Firing at the ceiling, Carlos entered the conference room and took control. He started talking to his hostages, and around the same time a special unit of the Austrian police arrived at the building in response to Janda’s call. They were greeted by Tichler’s body lying on the floor of the elevator. With helmets on and Uzi sub-machine guns in hand, the members of the special unit arrived at the first floor reception area. Klein and Joseph, who were covering the area, welcomed the unit with bullets. The police returned fire, which injured Klein in the stomach and thigh, and knocked the weapon off his hands. Kurt Leopolder, the head of the police squad, sustained a bullet injury to his buttocks. Klein, bleeding but not down, shouted the threat that if they did not leave, “everyone will be killed”. And with that he hurled a grenade towards the police. But the grenade did not carry too far and landed and exploded some four meters from Klein. However, the warning and the grenade explosion managed to persuade the police to withdraw fearing harm to the hostages.
Klein returned to the conference room to show his wounds to Carlos, who patted his head and asked him to assist in managing the hostages. There were sixty-three hostages, and were split into three different groups of ‘Liberals and semi-liberals’ (Algeria, Kuwait, Libya and Iraq), ‘criminals’ and ‘neutrals’ (Venezuela, Nigeria, Indonesia, Ecuador and Gabon). Under the head ‘criminals’ were those delegates who belonged to Saudi Arabia, United Arab Emirates, Iran and Qatar.
The hostage-taking was successful and Carlos managed to have his demands met. Klein had been moved to a hospital, and was later brought in an ambulance to board the Austrian Airlines DC9 airplane provided by the Austrian authorities as demanded by Carlos, who himself was to fly on the same plane together with the hostages.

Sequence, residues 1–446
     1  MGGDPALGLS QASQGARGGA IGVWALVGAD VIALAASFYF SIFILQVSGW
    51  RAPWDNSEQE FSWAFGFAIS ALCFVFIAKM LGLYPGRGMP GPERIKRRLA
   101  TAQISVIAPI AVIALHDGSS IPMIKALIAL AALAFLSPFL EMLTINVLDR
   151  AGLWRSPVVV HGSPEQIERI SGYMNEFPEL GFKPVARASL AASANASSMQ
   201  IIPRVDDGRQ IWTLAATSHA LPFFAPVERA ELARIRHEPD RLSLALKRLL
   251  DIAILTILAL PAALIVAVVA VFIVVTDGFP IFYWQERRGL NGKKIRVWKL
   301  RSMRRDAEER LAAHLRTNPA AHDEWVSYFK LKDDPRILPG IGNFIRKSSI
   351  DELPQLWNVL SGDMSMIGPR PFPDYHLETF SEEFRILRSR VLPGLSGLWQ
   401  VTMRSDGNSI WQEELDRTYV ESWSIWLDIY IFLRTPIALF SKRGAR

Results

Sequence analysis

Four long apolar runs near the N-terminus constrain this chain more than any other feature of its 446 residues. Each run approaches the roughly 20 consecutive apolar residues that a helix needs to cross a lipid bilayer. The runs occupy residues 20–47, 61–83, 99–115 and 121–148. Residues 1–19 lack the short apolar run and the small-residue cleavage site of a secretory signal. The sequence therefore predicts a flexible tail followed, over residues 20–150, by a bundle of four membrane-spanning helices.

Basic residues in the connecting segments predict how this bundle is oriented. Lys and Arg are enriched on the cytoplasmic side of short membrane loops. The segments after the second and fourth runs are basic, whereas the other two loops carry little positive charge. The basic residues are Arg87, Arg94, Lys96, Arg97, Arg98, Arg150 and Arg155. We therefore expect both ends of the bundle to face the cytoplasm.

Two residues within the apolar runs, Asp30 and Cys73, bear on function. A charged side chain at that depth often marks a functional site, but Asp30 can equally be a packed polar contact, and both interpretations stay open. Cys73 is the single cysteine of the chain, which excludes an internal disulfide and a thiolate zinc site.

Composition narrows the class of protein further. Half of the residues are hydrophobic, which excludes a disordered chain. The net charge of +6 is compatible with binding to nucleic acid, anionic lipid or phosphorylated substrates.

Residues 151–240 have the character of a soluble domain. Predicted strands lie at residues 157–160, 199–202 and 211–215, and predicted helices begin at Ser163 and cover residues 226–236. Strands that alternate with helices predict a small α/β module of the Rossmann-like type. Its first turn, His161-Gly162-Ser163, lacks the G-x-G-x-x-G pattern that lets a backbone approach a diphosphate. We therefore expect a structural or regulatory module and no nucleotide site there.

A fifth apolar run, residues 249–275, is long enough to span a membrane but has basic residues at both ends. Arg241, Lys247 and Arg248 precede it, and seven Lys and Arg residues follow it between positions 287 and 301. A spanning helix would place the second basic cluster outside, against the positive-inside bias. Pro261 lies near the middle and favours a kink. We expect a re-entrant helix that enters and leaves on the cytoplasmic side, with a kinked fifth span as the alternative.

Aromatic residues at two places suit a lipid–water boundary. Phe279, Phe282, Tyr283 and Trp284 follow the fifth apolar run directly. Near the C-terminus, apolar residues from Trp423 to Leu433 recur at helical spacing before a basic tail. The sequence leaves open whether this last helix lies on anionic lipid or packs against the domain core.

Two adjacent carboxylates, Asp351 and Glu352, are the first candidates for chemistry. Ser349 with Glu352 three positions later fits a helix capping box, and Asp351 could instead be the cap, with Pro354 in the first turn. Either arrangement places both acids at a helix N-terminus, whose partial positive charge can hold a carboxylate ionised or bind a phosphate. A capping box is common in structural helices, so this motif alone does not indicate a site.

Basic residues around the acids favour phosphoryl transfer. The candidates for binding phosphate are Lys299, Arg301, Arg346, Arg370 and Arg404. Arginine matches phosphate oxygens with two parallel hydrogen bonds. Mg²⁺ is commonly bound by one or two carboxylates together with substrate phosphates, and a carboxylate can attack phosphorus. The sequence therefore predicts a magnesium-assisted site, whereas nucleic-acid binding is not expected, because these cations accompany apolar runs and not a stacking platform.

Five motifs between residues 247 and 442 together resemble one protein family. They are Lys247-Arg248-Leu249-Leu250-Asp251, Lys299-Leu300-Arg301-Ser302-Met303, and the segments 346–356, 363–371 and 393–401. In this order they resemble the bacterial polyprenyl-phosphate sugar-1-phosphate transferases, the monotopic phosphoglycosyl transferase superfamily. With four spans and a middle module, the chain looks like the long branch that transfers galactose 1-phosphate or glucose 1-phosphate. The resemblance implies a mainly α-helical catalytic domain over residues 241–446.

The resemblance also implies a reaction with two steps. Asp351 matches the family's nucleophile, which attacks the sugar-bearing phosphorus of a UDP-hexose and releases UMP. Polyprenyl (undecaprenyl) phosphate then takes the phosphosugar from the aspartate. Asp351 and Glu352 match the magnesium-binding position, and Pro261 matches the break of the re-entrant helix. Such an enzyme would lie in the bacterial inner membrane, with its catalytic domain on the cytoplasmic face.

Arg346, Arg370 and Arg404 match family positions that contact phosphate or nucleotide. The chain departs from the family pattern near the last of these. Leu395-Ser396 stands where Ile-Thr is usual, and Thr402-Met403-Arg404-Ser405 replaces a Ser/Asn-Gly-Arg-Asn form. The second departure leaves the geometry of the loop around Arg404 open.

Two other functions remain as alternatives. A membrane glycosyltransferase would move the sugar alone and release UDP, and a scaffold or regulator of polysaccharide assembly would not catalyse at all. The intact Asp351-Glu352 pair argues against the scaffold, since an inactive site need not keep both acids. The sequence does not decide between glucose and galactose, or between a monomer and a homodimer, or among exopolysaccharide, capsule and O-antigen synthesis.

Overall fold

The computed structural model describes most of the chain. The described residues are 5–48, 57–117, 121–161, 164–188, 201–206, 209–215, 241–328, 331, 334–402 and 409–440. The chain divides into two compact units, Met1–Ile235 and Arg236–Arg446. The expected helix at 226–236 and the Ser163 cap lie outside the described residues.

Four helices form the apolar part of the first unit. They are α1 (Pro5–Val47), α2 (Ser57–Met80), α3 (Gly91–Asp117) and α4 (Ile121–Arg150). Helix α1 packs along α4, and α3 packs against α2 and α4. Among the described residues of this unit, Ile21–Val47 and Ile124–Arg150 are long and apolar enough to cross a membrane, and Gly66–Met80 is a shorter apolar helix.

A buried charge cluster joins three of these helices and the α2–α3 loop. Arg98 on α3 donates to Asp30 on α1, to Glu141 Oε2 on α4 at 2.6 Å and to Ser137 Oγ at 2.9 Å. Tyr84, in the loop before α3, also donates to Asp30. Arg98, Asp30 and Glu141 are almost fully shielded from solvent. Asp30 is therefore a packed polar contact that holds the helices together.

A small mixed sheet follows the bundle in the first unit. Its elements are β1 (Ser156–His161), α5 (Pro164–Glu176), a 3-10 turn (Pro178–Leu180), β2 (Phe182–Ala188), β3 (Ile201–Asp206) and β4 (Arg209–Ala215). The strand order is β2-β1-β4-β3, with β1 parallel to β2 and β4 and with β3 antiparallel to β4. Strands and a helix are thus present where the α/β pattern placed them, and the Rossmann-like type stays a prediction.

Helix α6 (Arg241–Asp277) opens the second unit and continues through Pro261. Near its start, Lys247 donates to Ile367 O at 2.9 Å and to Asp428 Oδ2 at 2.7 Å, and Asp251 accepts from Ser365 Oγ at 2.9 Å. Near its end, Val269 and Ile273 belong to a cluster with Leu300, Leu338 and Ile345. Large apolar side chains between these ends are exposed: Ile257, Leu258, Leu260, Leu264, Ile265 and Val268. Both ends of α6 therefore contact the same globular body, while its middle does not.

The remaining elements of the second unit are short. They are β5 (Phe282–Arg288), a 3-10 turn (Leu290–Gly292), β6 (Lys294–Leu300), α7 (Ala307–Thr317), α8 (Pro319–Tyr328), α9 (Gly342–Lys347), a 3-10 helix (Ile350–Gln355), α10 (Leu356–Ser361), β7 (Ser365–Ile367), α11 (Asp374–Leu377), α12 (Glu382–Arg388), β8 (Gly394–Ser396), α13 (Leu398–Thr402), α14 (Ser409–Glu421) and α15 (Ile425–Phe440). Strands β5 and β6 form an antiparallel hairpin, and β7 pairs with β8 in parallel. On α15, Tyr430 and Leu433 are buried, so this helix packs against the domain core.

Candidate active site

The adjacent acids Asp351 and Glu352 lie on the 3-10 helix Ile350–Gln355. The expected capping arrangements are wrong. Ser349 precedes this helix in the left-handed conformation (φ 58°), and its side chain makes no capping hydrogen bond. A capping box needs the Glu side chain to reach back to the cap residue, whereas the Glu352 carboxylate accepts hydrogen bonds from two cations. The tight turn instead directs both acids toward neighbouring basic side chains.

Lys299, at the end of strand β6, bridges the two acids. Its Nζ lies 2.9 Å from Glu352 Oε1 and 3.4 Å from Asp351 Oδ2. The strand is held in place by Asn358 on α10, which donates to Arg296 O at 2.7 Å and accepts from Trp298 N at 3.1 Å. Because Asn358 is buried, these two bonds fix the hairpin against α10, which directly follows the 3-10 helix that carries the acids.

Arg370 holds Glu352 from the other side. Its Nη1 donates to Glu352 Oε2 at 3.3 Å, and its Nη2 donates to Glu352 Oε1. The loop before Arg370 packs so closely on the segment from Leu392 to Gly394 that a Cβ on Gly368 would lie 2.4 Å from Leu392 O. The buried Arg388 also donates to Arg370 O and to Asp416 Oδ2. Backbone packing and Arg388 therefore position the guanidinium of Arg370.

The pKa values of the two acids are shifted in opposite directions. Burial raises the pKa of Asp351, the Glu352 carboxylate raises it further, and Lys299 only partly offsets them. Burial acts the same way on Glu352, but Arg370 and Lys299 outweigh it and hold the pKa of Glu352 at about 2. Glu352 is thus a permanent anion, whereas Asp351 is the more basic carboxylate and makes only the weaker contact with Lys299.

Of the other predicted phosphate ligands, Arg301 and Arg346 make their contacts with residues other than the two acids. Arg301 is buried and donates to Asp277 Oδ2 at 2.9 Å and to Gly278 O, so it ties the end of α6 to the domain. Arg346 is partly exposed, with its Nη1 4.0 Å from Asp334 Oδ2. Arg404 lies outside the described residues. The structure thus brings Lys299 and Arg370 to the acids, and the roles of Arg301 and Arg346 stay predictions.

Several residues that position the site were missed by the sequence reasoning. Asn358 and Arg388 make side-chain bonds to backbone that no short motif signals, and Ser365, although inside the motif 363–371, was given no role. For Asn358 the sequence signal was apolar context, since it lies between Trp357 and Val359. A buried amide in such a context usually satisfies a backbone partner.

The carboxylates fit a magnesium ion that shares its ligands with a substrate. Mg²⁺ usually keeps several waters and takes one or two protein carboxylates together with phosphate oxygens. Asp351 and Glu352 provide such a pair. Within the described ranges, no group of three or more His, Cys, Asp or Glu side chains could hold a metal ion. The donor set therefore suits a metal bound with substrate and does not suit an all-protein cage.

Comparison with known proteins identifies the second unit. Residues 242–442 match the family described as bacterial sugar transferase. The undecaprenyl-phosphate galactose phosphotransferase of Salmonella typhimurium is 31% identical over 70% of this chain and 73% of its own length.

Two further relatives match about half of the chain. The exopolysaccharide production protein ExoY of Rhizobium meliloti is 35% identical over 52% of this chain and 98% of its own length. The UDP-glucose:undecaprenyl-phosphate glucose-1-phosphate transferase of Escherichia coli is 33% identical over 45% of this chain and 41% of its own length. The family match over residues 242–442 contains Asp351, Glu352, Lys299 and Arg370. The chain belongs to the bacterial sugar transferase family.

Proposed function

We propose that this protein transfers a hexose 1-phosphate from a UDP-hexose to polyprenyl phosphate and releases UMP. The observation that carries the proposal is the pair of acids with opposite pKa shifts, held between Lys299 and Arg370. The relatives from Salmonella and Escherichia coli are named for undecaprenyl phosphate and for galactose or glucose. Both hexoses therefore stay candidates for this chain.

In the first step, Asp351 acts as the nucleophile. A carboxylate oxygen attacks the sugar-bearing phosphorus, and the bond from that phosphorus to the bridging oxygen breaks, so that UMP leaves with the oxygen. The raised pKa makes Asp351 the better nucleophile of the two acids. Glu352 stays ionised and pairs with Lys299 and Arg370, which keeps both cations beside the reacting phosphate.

On the airplane, Carlos took Yamani, Amouzegar and their deputies aside, seated them separately and placed bombs under their seats. On December 22, 1975, the airplane left for Algiers from where they had planned to get a new, larger airplane and take off for Tripoli, Libya.
The Foreign Minister of Algeria welcomed Carlos warmly, but Algeria refused to provide another plane to Carlos. Carlos asked the DC-9 to be refuelled and they took off for Tripoli. At Tripoli the welcome was cold and the Libyan government refused to provide a plane and demanded that the Libyan hostages be released. Carlos eventually released Libyan delegates and five others, asked the plane to be refuelled and ordered the pilot to take it back to Algiers. The hostages were finally released at the Algiers airport, from where Carlos and his accomplices also drove away under intense media glare.
Austria asked Algeria to extradite Carlos. Algeria turned down the request citing absence of an extradition treaty between the two nations. The French never made such a request because they did not want to offend their erstwhile colony. The fact was that Carlos had been granted political asylum as part of the ransom.